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MPLS and GMPLS

Li Yin
CS294 presentation

Outline

Part I: MPLS
Part II: GMPLS
Part III: The reality check

Part I: MPLS

Why MPLS?

MPLS stands for: Multi-Protocol Label Switching


Goals:
Bring the speed of layer 2 switching to layer 3
May no longer perceived as the main benefit: Layer 3 switches

Resolve the problems of IP over ATM, in particular:


Complexity of control and management
Scalability issues

Support multiple layer 2 technologies

Basic Idea

MPLS is a hybrid model adopted by IETF to incorporate best


properties in both packet routing & circuit switching
IP Router
Control:

MPLS
Control:

IP Router
Software

IP Router
Software

Forwarding:

Forwarding:

Longest-match
Lookup

Label Swapping

ATM Switch
Control:
ATM Forum
Software

Forwarding:
Label Swapping

Basic Idea (Cont.)

Packets are switched, not routed, based on labels


Labels are filled in the packet header
Basic operation:
Ingress LER (Label Edge Router) pushes a label in front of the IP
header
LSR (Label Switch Router) does label swapping
Egress LER removes the label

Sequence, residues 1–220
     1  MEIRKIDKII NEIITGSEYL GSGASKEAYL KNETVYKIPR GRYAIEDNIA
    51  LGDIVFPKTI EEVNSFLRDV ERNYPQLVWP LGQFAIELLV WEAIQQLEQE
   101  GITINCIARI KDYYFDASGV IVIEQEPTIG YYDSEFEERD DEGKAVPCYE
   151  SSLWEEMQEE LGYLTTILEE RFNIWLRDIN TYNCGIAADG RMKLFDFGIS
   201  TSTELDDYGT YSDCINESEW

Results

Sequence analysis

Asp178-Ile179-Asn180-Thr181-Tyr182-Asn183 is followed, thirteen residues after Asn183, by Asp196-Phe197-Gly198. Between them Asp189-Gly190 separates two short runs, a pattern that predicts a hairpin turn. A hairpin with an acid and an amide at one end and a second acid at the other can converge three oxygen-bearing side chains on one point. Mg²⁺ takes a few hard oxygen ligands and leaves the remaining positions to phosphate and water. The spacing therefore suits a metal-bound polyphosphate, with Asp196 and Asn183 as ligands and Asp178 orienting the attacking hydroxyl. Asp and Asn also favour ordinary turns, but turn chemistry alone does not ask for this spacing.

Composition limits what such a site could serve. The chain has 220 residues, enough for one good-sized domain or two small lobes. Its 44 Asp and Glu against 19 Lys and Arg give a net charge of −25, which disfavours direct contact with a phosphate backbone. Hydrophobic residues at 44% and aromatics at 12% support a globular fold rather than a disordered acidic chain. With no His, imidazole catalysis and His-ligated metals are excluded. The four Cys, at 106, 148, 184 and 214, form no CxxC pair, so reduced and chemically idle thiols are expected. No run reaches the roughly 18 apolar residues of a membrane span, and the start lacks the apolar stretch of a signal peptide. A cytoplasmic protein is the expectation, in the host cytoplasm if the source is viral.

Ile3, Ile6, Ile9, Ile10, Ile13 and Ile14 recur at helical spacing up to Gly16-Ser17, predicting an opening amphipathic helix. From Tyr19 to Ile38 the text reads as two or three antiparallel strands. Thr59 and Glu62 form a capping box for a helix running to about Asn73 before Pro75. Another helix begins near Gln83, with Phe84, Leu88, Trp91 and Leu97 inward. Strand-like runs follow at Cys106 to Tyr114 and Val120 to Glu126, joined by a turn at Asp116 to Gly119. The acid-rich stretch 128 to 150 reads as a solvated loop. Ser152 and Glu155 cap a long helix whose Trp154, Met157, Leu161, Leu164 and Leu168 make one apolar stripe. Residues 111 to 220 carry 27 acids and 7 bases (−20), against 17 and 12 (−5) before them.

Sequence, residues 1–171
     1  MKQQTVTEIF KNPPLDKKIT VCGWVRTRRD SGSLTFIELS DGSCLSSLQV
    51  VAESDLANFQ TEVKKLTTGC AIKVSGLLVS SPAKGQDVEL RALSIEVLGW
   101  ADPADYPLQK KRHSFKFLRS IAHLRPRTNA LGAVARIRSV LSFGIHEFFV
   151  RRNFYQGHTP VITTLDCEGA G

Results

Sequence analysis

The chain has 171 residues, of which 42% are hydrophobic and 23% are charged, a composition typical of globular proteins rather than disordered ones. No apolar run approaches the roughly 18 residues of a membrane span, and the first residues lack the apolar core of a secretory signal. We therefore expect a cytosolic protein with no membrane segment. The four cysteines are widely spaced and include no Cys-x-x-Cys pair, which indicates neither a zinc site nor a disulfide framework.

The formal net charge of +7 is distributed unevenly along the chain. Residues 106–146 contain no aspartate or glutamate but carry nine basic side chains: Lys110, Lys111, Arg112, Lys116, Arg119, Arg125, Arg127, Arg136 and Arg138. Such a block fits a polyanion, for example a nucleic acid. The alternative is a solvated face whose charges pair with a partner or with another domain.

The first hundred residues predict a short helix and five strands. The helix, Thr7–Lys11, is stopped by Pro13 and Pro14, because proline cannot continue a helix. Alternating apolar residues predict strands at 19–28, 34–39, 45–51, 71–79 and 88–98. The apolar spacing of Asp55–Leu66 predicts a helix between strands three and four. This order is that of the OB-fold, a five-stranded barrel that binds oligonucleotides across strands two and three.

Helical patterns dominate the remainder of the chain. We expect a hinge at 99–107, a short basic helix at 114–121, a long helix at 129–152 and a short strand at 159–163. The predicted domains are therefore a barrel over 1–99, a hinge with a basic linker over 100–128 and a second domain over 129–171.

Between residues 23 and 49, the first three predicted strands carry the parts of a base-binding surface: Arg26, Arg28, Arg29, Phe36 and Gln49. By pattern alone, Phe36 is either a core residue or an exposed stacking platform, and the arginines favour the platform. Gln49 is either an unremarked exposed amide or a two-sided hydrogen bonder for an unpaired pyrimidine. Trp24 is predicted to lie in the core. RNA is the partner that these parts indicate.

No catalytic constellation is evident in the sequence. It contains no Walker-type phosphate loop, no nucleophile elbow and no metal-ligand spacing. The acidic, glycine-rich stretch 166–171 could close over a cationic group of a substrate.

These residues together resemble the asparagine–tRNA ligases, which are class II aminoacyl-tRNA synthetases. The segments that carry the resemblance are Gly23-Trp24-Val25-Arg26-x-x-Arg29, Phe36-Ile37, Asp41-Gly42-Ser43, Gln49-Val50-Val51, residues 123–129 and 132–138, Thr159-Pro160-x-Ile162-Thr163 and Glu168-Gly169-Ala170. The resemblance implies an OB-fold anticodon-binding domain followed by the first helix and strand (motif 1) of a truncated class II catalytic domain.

The key : establish the forwarding table


Link state routing protocols
Exchange network topology information for path selection
OSPF-TE, IS-IS-TE

Signaling/Label distribution protocols:


Set up LSPs (Label Switched Path)
LDP, RSVP-TE, CR-LDP

MPLS Operation
1a. Routing protocols (e.g. OSPF-TE, IS-IS-TE)
exchange reachability to destination networks

4. LER at egress
removes label and
delivers packet

1b. Label Distribution Protocol (LDP)


establishes label mappings to destination
network

IP
IP 1
0

2. Ingress LER receives packet


and labels packets

IP

20
IP

40

3. LSR forwards
packets using label
swapping

IP

Main features

Label swapping:
Bring the speed of layer 2 switching to layer 3

Separation of forwarding plane and control plane


Forwarding hierarchy via Label stacking
Increase the scalability

Constraint-based routing
Traffic Engineering
Fast reroute

Facilitate the virtual private networks (VPNs)


Provide class of service
Provides an opportunity for mapping DiffServ fields onto an MPLS
label

Facilitate the elimination of multiple layers

Part II: GMPLS

Outline

Why GMPLS?
GMPLS and MPLS
Control interfaces
Challenges of GMPLS
Several proposed techniques
Suggested label
Bi-direction LSP setup
LMP

Summary

GMPLS

GMPLS stands for Generalized Multi-Protocol Label


Switching
A previous version is Multi-Protocol Lambda
Switching
Developed from MPLS
A suite of protocols that provides common control to
packet, TDM, and wavelength services.
Currently, in development by the IETF

Why GMPLS?
GMPLS is proposed as the signaling protocol for optical networks
What service providers want?

Carry a large volume of traffic in a cost-effective way


Turns out to be a challenge within current data network architecture

IP
ATM
Problems: SONET/SDH

Carry applications and services